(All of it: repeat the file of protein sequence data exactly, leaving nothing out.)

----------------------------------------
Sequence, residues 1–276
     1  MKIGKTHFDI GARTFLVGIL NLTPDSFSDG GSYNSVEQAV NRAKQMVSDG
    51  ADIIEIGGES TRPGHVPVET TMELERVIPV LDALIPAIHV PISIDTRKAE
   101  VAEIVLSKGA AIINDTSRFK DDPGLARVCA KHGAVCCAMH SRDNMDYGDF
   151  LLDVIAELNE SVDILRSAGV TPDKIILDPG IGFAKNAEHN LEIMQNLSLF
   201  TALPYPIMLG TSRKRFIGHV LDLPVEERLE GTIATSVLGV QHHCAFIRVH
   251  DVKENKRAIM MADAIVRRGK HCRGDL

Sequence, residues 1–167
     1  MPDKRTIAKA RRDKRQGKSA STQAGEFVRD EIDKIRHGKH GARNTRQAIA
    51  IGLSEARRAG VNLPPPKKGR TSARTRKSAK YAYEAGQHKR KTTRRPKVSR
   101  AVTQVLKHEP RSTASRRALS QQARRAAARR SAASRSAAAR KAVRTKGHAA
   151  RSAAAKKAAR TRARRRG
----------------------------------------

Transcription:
Sequence, residues 1–276
     1  MKIGKTHFDI GARTFLVGIL NLTPDSFSDG GSYNSVEQAV NRAKQMVSDG
    51  ADIIEIGGES TRPGHVPVET TMELERVIPV LDALIPAIHV PISIDTRKAE
   101  VAEIVLSKGA AIINDTSRFK DDPGLARVCA KHGAVCCAMH SRDNMDYGDF
   151  LLDVIAELNE SVDILRSAGV TPDKIILDPG IGFAKNAEHN LEIMQNLSLF
   201  TALPYPIMLG TSRKRFIGHV LDLPVEERLE GTIATSVLGV QHHCAFIRVH
   251  DVKENKRAIM MADAIVRRGK HCRGDL

Sequence, residues 1–167
     1  MPDKRTIAKA RRDKRQGKSA STQAGEFVRD EIDKIRHGKH GARNTRQAIA
    51  IGLSEARRAG VNLPPPKKGR TSARTRKSAK YAYEAGQHKR KTTRRPKVSR
   101  AVTQVLKHEP RSTASRRALS QQARRAAARR SAASRSAAAR KAVRTKGHAA
   151  RSAAAKKAAR TRARRRG